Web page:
China developed a highly unique and individualized civilization over the last five thousand years that began largely in isolation due to a variety of geographical boundaries that kept it separated from outside cultural influences. About two-thirds of China's almost six million square miles are covered in mountains and plateaus that...
China developed a highly unique and individualized civilization over the last five thousand years that began largely in isolation due to a variety of geographical boundaries that kept it separated from outside cultural influences. About two-thirds of China's almost six million square miles are covered in mountains and plateaus that served as a natural barrier to both outside explorers and invaders. Many of these mountains to the south and west were frigidly cold due to the high elevations and virtually impassible until the developments of modern technology like air travel. In addition, vast dry deserts to the north and the Pacific Ocean to the east provided further global confinement.
Within China were an abundance of foothills, plains, and basins with fertile soil that proved suitable for growing food. The Yellow River to the north and the Yangtze River to the south not only provided essential nutrients for the soil, but also fresh drinking water and a source of transportation that allowed tribes in different parts of the country to exchange goods, technology, and ideas. China's lakes were equally vital, especially around the Qinghai-Tibet Plateau and Middle-Lower Yangtze Plain, where they provided food, tide power, and various aquatic resources.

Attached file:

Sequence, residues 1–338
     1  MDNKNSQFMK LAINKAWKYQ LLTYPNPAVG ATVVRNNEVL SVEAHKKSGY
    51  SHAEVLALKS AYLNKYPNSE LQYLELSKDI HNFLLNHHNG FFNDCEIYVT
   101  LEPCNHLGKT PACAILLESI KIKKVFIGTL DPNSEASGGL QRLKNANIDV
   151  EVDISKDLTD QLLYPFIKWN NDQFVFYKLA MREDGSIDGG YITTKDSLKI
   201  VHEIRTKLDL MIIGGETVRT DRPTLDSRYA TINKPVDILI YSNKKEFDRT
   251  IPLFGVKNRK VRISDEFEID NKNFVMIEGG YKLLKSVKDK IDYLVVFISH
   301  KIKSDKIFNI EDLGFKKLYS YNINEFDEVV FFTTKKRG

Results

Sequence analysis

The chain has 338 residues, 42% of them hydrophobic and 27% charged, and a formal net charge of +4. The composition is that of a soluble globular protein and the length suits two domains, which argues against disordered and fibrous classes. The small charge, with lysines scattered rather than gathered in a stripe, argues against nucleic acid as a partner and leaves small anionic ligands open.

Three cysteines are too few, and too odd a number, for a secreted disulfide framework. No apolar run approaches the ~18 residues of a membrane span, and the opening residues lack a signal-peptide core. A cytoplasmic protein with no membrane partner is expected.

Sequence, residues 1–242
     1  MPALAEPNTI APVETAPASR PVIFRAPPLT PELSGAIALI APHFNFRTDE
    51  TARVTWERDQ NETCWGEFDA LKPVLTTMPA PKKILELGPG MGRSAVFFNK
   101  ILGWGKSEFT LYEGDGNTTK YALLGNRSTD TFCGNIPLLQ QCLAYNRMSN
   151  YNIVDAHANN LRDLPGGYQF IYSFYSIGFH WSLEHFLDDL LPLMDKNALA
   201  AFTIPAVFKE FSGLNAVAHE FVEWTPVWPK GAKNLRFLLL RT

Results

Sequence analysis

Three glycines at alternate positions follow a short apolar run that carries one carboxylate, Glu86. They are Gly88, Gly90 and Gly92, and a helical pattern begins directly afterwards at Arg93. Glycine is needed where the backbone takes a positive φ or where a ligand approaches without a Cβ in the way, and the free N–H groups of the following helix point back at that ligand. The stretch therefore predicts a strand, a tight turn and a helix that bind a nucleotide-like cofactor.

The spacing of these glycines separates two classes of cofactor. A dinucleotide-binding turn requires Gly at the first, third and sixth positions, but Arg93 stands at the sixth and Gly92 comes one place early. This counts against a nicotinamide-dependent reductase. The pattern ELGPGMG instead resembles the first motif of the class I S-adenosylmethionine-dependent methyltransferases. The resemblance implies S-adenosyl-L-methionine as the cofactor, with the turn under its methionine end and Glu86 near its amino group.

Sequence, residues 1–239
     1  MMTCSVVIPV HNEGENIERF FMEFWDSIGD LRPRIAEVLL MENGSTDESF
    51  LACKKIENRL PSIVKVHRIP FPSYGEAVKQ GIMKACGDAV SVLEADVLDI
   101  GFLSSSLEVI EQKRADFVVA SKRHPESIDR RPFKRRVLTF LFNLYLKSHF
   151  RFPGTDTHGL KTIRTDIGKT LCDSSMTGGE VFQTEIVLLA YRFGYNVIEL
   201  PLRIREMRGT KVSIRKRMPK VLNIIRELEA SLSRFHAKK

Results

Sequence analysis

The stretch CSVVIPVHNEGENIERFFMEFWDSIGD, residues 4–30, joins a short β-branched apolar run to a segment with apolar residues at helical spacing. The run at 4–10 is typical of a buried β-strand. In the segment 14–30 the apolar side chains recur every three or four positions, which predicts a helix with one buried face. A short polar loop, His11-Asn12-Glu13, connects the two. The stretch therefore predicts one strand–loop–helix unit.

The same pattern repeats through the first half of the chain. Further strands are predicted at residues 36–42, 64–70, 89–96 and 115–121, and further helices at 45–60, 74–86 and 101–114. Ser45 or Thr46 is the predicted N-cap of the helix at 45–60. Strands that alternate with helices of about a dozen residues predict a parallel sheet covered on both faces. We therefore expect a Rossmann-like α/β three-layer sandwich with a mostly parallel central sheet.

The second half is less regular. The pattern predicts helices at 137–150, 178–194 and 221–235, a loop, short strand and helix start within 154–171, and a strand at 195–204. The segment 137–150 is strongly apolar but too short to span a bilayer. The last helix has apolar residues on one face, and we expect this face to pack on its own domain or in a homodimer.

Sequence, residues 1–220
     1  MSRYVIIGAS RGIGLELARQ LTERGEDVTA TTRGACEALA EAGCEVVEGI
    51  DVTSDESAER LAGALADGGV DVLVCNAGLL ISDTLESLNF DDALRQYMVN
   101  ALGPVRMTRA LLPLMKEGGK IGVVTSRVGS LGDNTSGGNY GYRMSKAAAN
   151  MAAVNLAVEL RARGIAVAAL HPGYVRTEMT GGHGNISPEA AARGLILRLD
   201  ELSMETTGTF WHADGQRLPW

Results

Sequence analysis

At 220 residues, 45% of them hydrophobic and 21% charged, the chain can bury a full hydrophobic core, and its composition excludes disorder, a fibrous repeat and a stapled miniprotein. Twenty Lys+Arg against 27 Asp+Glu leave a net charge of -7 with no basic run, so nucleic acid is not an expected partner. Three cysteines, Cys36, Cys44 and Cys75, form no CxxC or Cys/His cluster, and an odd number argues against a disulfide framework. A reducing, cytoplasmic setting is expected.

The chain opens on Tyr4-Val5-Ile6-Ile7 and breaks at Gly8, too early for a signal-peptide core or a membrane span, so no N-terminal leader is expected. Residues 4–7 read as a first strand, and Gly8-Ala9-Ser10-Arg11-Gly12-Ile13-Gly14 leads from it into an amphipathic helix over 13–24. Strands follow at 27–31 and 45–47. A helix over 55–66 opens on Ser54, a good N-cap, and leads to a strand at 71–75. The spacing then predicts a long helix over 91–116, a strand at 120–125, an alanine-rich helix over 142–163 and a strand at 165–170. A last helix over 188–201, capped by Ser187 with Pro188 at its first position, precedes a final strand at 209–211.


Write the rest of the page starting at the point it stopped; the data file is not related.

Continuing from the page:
Climates varied across the country due to its sheer size. The northeast boasted hot, dry summers and freezing cold winters that served as both economic and physical impediments. The central region was temperate, with modest rainfall and diverse seasons that allowed for routine farming and agricultural self-sufficiency. The southeast's semi-tropical environment featured more modest winters and heavy rainfall that often led to flooding. As such, growing seasons and the type of crops that could grow in these regions were more limited and forced an expansion in trade with tribes to the north.
Many significant cultural developments originated from within China, from pasta to paper to gunpowder, and modern day scholars believe that a proclivity to trade with outside empires benefited the Chinese by providing resources and knowledge that was otherwise unavailable within their borders. Naval expeditions began in the third century BC under the Qin Dynasty, with foreign relations greatly expanding under the Han dynasty and continuing through much of the Sui, Tang, and Song dynasties, all despite occasional periods of unrest.
Not until the Mongol raids after the collapse of the Song Dynasty did the nation adopt a more averse stance to certain outside influences, even though the Mongols (who lived in the Gobi desert) often limited raids to tribes in the northern regions of China and didn't venture much further south. While fortifications that formed the earliest parts of the Great Wall began as early as the eighth century BC, much of the modern wall seen today was built in order to repell the Mongol hordes. However, diplomatic missions by Marco Polo and other Europeans, as well as the resurgence of military power under the Ming Dynasty in the fourteenth century, led to a renaissance in cultural exchange that accelerated national development until the seventeenth century.
As such, much of China's early development was shaped by the vast geographical and climatic barriers that kept it isolated from other nations and kept various tribes within its boundaries isolated from each other. However, through gradual advancements in technology, water travel, agriculture and general knowledge, China's political leaders were able to open the nation up to trade with other empires that greatly enhanced the development of its civilization and ultimately mitigated the isolating effects of its geography.